As read for Rose City Reader’s European Reading Challenge
I found this review very difficult to write. Not because the writing was bad or because the plot had more holes than my knitting (I keep dropping stitches).
In fact it was quite the reverse.
From my soapbox: first things first, I don’t find the subject of mental illness funny. After even a short period of depression, it can be almost impossible to just get up and get back on with life. What I do believe is that humour is one of the best methods to break down boundaries and get people talking in earnest about taboo subjects.
“Contemplating suicide? Don’t worry, you are not alone!”
Thus begins the attempt of two men, who feel they have nothing to live for, to found a group for other suicidal people so that they don’t have to die alone.
After attracting more members than they had believed possible, the group sits down to discuss how to go about the business of dying. Their suicide attempts become ever more desperate as they travel across Europe, trying to find the perfect place to die. At almost every turn the group is foiled… by itself.
With each attempt, the Spectacular Group Suicide members explore their own and each others’ reasons for wanting to end their lives. For the first time in months (and years, in some cases), they start to talk about what they are going through.
Paasilinna takes on one of the most difficult subjects to come to terms with. Using bleak humour, shocking (but sadly true) statistics and a surprising level of sensitivity, he tackles Finland’s greatest killer.
Feel free to flame me for saying this, but I felt that The Spectacular Group Suicide was a little like some of Chekhov’s work in terms of the plot’s tragicomic element. Within the first few pages, two of the main characters meet because they’re both looking for a quiet place to commit suicide.
The plot picked up momentum which was sustained for the first third of the novel. As the road-trip/ self-discovery elements started to set in, I felt that the novel started to sag a little. The pace picked up again near the end, but didn’t feel as smooth-flowing as it had done at the start.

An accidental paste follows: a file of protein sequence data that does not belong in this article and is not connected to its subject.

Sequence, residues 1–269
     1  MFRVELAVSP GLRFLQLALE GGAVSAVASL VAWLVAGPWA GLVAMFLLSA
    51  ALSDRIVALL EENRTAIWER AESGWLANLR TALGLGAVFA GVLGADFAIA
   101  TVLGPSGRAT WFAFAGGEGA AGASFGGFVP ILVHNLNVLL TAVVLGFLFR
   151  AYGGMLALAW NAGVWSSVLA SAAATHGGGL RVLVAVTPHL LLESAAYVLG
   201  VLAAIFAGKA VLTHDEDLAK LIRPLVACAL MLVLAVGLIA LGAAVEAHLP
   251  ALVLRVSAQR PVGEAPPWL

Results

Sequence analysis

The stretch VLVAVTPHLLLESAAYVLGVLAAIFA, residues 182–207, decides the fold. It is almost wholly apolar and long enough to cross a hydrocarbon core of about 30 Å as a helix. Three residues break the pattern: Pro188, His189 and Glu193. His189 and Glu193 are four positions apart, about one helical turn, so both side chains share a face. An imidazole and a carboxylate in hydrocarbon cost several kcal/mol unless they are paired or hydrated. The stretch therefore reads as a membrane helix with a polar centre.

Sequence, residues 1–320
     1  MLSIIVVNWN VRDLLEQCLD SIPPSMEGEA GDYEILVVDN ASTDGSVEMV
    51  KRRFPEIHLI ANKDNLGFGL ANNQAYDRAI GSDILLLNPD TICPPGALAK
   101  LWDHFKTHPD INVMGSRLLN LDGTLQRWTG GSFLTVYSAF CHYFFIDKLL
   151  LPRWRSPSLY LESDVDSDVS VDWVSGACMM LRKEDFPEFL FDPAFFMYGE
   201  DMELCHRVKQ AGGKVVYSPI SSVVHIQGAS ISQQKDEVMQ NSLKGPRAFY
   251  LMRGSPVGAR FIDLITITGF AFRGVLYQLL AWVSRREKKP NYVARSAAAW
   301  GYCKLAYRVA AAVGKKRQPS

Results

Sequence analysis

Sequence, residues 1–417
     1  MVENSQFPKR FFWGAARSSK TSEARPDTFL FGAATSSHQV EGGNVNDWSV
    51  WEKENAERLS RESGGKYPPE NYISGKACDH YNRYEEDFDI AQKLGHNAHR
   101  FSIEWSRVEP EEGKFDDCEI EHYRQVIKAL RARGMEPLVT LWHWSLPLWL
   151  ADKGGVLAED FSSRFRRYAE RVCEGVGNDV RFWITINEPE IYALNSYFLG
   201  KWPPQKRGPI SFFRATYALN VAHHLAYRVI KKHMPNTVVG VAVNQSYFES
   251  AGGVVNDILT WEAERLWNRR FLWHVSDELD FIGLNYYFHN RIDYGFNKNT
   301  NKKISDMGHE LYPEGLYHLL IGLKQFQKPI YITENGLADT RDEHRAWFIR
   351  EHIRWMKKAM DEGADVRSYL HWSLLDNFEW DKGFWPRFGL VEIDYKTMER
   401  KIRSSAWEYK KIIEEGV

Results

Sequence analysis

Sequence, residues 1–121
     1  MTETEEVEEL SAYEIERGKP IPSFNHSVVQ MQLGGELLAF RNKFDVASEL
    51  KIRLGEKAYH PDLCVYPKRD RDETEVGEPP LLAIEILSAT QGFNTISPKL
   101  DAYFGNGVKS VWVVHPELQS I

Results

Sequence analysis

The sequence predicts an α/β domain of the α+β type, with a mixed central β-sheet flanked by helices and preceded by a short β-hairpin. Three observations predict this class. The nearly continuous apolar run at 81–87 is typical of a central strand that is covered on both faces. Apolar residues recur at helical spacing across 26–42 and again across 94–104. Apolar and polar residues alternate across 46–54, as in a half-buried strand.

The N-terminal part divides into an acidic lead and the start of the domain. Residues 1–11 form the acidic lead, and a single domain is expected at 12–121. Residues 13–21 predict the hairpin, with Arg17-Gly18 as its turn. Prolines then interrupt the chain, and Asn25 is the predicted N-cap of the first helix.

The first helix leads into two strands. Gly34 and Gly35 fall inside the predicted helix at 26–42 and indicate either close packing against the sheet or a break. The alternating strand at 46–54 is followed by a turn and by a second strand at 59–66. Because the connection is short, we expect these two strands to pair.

There are facts and figures that I couldn’t believe, even after I had verified them. The factual elements are a slap in the face and strengthen (what I believe is) the underlying message that this is an issue that should be discussed publicly.
Whilst the main issue is suicide (and its causes), Paasilinna subtly weaves in a couple of other taboo subjects, such as HIV. This was skilfully done as this allows him to create a few more multi-faceted characters (something that can be hard to find in books about social issues *coughDickenscough*) who were as quick to condemn as they were to open their hearts to others like themselves.
Some elements devolved to the farcical, which did detract from the story. So as not to drop massive spoilers, I’m just going to write: fisticuffs with fascists and leave it at that.
The other element that left me somewhat disgruntled was Paasilinna’s portrayal of almost all people who seriously consider suicide as being able to find things worth living for after a few weeks of talking to others about how they feel. Research does indicate that people who can talk about how they feel can stabilise after months of therapy. The thing is that this ‘rule’ does not work in every case. The generalisation made the ending slightly less believable and could lead to misconceptions.
Whilst it’s easy to find books that deal with death, it’s much harder to find novels that explore suicide and attempted suicide without stigmatizing these people. Paasilinna has a done a wonderful job, taking a taboo subject and some facts and creating a story that gives hope to anyone who wants to start a discussion about this subject.
Whilst I have several disagreements with generalisation and a plot that doesn’t always flow, I truly believe that this book should be read by more adults so as to decrease the taboo nature of this subject.
After all, the main message of The Spectacular Group Suicide is that a little communication and understanding can go a long way in helping the most vulnerable around us.
WNI’s verdict: Wavering towards… WIN!
- Families affected by teen suicide share their stories (fox13now.com)
- ‘Hemlock Society’: New film on suicide workshop (ibnlive.in.com)
- SUICIDE: Perspective, Facts and Myths. Let’s Live (zebbook.wordpress.com)